Moving to London can be a daunting task, especially when you consider all the familiar things you’ll be leaving behind. It can also be a stressful process for families with children who are currently in education. The American schooling system differs greatly from the schooling system in London. The classes, grading methods, timetables, uniforms and general way of teaching are all different from what American children will be used to. Many expats who have moved to London therefore choose to send their children to American schools, which enables them to continue their education on more familiar ground.American schools offer a worldly outlook and a strong sense of community, providing children with extra support to help them settle in London and allow them to flourish. There are many well-established American schools in London, which over the years have established the needs of various expat groups and continue working to address these.
There is an application process that needs to be completed before attending an American school in London, which is very different from the process in most British schools. It can be beneficial to contact the school of choice directly to find out about their application process in depth. Some schools grant acceptance based on entrance exams, whereas other schools base acceptance on previous school reports and references.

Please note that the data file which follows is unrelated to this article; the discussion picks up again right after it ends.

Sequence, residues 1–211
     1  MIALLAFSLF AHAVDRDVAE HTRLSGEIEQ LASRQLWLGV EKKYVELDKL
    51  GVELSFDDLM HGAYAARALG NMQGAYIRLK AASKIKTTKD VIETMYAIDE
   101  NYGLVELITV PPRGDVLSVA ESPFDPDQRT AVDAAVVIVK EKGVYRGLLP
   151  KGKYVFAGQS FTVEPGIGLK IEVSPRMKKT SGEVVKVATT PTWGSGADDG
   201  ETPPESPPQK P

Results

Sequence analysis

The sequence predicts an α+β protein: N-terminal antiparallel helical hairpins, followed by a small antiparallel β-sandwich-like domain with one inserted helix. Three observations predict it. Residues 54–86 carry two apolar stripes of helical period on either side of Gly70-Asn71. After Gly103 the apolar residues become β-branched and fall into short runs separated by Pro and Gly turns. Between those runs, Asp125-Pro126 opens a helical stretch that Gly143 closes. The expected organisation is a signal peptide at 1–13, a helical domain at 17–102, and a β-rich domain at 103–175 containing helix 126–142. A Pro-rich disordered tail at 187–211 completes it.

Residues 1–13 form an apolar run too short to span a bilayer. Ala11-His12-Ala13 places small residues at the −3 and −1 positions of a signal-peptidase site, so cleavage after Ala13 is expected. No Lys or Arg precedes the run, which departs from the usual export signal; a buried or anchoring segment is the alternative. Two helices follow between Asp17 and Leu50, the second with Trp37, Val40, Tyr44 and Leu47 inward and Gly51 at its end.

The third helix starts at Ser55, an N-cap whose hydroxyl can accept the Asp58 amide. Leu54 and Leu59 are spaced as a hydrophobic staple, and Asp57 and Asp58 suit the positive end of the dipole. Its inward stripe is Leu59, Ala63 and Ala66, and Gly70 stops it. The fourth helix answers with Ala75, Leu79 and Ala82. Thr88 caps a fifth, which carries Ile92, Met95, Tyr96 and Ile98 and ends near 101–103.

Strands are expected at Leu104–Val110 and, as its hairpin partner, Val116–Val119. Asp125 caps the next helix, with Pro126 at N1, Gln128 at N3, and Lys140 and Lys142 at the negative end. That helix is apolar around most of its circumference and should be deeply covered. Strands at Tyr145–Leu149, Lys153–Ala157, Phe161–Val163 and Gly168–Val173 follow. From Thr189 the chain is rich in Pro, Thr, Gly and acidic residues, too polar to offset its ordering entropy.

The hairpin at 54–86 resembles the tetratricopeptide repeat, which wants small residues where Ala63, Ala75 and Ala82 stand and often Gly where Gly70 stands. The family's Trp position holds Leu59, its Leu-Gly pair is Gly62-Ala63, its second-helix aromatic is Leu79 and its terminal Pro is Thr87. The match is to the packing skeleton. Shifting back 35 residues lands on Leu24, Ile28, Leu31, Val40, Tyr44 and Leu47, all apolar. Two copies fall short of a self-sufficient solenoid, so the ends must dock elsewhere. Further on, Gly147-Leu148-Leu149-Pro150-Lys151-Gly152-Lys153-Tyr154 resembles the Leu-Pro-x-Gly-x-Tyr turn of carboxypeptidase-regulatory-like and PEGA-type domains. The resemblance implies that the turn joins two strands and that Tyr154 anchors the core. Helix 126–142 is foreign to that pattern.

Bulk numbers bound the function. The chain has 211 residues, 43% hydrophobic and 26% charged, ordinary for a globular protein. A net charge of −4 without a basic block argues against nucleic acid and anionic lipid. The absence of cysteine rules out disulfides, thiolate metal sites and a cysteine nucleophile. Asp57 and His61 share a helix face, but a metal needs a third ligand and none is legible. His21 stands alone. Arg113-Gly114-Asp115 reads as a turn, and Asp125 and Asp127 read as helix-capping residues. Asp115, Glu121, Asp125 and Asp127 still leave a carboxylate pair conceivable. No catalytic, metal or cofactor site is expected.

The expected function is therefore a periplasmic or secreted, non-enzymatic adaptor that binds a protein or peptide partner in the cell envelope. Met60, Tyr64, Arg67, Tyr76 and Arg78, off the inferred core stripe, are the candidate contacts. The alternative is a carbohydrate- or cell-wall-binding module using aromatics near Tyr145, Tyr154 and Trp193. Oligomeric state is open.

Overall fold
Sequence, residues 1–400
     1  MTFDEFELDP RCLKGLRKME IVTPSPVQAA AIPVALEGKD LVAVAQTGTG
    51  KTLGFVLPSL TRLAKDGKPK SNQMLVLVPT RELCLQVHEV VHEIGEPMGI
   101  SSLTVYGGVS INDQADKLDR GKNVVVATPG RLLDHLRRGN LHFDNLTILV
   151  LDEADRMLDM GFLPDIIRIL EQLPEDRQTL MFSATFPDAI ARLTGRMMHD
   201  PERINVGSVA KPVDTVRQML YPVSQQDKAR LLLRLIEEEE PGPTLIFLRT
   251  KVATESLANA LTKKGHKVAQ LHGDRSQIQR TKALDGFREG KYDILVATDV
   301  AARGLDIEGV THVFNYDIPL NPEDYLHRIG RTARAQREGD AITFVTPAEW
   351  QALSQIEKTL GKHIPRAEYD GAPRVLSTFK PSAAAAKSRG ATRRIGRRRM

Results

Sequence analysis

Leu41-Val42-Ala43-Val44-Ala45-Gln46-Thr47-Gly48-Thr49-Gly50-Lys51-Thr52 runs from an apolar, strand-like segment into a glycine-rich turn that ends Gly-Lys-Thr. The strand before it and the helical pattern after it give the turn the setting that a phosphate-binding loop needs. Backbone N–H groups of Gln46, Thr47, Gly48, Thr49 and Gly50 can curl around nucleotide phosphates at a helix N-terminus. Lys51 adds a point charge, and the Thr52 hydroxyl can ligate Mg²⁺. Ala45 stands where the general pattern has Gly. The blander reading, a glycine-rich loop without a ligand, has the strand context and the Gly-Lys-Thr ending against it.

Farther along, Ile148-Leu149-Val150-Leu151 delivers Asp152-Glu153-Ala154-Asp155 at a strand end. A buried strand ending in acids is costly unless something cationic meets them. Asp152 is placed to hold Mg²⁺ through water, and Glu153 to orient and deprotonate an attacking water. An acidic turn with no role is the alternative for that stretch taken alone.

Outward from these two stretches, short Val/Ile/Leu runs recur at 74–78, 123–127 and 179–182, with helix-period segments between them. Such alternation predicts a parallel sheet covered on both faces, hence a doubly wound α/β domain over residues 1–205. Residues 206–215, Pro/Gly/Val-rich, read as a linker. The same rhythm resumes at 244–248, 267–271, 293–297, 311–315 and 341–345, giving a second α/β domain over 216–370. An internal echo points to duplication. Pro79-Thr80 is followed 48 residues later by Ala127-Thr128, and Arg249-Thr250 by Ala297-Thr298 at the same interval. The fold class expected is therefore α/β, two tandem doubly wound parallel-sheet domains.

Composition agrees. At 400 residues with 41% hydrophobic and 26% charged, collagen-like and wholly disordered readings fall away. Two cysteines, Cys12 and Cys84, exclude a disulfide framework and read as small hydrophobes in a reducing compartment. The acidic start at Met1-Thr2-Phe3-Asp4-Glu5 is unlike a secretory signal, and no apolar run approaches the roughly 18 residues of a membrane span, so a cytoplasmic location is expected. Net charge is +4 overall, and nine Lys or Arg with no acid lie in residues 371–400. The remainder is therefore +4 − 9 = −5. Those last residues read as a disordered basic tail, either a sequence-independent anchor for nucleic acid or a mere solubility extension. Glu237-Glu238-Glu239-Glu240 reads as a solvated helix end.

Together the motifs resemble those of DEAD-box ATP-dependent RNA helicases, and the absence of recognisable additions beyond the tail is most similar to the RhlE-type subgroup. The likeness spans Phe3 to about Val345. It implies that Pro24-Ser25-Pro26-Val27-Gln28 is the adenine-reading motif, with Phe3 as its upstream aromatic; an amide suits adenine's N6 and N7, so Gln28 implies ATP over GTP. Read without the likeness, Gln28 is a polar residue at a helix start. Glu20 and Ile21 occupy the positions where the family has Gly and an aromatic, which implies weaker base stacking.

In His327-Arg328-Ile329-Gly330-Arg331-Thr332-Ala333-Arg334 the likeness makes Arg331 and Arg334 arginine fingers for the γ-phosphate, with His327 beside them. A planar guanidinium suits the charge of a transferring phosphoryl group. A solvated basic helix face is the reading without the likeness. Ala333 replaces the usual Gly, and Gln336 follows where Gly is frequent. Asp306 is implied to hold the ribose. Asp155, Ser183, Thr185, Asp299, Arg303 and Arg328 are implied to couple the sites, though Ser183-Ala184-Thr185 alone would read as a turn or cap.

Applications normally open at the beginning of each school year, and the initial application fee is usually around £250. However, it is possible to apply for financial aid and have the fee waived. Supporting documents should be included with the application to ensure that it is reviewed without any delays.
London has become an increasingly popular expat destination, which has lead to a massive increase in applications. As a result, many American schools are struggling to accommodate the growing number of applicants. Allowing enough time for an in-depth application will result in a higher chance of success.
Many American schools will have set requirements for children to be accepted into their educational programmes.
Children between the ages of 4 and 9 (Pre-kindergarten to Grade 4) are required to send copies of report cards for up to two and a half years prior to applying. If these are in a language other than English, they will also need to be translated into English before being submitted. A recommendation from the applicant’s current teacher is also required, as is a completed questionnaire.
Children between the ages of 10 and 13 (Grade 5 to Grade 8) are required to send copies of report cards for up to two and a half years as well. Children in Grade 5-6 require a recommendation from a current teacher, and children in Grade 7-8 require one from a math teacher and one from an English teacher, as well as a completed questionnaire.
Students in Grades 5-8 should also provide results from one of their most recent standardised tests, either the Independent School Entrance Exam (ISEE), the Secondary School Admissions Test (SSAT) or the Comprehensive Testing Program from the ERB (CTP).